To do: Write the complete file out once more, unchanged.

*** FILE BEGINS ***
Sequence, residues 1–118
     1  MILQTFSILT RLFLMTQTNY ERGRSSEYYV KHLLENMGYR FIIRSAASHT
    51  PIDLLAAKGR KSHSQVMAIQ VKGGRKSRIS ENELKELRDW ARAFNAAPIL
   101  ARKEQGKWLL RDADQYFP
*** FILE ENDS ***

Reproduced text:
Sequence, residues 1–118
     1  MILQTFSILT RLFLMTQTNY ERGRSSEYYV KHLLENMGYR FIIRSAASHT
    51  PIDLLAAKGR KSHSQVMAIQ VKGGRKSRIS ENELKELRDW ARAFNAAPIL
   101  ARKEQGKWLL RDADQYFP